Investing in IH Students
As some of you may know, I’ve been investing time in meeting directly with students and faculty members at universities across the country. Last year I addressed IH students on campus at Johns Hopkins, the University of Cincinnati, UCLA, and Cal State Northridge. This year I have plans to meet with students at Arizona State University and the University of Texas-Clear Lake, and other trips are in the works. In addition, I’ve connected with students at various “student night” events at local sections. The purpose of all this outreach is to ensure students understand the value their student section affords them (assuming one exists of course, and if not, to suggest establishing one), as well as the value of an AIHA student membership.
Students have a variety of opportunities to invest in their professional development, including ways to serve as a student leader. AIHA is also stepping up its game and hosting new student-oriented functions, including a new academic track aimed at elevating awareness about fundamental research being conducted at schools across the country. Of course, student poster sessions will remain a component of AIHce too.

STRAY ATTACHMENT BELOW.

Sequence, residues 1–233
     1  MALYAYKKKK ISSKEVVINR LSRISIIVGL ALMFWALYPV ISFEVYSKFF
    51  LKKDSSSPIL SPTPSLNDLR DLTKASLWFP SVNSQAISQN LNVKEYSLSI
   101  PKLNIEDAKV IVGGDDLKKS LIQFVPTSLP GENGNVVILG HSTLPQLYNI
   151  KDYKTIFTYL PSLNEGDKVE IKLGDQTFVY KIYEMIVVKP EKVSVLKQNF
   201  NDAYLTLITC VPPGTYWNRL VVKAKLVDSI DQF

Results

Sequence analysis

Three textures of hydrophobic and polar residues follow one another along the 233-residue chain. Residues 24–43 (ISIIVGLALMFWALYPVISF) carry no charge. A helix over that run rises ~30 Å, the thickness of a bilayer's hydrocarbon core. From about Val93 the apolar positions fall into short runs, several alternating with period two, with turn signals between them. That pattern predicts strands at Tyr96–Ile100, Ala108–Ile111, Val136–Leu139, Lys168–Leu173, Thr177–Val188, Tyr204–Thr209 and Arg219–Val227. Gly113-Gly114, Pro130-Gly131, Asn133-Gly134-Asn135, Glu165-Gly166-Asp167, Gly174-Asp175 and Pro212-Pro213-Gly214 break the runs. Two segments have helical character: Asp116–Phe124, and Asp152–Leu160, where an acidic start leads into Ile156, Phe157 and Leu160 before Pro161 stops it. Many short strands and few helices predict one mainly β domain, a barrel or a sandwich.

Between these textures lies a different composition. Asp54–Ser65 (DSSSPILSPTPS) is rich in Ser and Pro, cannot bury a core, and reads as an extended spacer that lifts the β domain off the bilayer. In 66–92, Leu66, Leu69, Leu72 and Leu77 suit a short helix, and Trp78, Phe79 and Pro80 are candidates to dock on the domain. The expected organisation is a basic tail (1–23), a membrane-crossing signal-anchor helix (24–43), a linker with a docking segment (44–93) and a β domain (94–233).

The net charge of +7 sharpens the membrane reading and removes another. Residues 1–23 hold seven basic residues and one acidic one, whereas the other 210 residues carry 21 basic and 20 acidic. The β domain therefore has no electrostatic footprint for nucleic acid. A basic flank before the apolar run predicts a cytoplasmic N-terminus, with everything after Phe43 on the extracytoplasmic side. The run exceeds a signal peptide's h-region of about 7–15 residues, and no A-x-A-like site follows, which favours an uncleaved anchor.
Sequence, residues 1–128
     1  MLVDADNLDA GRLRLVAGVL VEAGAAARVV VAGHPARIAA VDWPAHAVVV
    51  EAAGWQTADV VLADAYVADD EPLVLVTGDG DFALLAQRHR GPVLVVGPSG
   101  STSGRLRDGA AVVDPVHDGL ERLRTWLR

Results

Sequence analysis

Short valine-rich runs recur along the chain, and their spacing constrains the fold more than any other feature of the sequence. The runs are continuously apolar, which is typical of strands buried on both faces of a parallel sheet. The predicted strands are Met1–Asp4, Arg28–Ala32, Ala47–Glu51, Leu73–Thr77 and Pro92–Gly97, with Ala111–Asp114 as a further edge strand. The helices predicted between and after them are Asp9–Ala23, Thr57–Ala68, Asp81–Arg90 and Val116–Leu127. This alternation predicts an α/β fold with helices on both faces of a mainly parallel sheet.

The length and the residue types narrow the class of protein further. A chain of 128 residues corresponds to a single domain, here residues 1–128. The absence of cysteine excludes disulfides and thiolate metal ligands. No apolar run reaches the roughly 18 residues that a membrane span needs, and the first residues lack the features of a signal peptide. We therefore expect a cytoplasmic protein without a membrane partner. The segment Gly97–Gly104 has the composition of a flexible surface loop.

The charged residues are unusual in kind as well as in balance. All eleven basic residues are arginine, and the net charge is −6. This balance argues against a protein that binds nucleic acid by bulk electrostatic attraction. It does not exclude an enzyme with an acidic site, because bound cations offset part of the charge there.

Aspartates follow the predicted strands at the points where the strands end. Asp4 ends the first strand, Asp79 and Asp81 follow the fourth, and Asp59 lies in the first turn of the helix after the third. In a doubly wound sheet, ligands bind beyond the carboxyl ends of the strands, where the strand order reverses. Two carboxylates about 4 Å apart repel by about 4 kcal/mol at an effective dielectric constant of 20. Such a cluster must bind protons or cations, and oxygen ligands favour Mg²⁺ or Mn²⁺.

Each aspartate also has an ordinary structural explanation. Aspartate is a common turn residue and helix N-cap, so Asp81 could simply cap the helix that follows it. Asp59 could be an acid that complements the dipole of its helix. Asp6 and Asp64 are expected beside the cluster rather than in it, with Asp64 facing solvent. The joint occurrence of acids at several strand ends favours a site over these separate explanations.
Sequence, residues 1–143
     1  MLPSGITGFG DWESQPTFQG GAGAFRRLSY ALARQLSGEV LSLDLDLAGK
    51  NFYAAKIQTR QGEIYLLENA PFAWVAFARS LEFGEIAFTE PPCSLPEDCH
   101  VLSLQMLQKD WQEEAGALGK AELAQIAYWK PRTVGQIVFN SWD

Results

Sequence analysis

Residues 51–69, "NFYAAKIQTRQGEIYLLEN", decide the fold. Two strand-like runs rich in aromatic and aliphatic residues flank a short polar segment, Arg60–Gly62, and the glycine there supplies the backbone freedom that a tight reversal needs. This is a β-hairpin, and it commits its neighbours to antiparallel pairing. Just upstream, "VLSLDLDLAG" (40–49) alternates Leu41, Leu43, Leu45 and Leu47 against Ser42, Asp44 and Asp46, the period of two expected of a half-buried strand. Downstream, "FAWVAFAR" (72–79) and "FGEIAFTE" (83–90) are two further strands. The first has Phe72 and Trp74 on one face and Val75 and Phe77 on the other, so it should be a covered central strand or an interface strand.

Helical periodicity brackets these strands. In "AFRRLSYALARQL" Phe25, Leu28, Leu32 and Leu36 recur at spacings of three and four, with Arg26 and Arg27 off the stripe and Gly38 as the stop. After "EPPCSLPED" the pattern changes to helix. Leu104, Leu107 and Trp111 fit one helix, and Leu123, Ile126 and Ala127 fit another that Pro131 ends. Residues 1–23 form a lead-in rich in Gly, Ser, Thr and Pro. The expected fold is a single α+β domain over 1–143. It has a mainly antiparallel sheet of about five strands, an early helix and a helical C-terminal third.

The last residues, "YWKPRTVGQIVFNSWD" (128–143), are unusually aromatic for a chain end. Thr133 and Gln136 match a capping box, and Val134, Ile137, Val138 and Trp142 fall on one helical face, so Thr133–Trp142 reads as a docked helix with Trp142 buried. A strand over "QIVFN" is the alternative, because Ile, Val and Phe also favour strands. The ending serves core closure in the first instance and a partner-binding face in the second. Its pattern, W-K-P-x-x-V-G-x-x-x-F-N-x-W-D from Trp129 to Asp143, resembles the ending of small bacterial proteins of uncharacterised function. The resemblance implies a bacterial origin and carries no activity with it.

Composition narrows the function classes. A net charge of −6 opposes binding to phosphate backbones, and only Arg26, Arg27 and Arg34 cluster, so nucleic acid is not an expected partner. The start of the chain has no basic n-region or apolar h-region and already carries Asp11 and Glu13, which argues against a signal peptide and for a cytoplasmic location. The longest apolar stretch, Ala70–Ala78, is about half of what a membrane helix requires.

Turning to secondary schools: You may have heard about outreach activities such as Safety Matters and members delivering the IH message in middle schools and high schools via STEM fairs and other programs intended to excite our youth about careers in IH. Our award-winning comic books branded under the IH Heroes moniker are a big hit with kids of all ages.
But we must do more. In my travels I have heard about an Advanced Placement course on environmental science that makes no mention of IH. Perhaps there is a way to interject our profession. In addition, many students may opt to pursue a community college education and earn an associate’s degree as an OSH technician. AIHA should connect with this population of graduates and provide them with fundamental IH education that may build upon their studies and position them for greater professional opportunities. Our new e-course “Basic Principles in Occupational Hygiene,” developed by the Occupational Hygiene Training Association (a global IH/OH education provider), may serve as one vehicle to help accomplish this.
Please help with these efforts by taking a few minutes to complete this short survey. Your input will help us better target where we may be able to make a difference and further spread the good word about our profession. Thank you in advance for your consideration.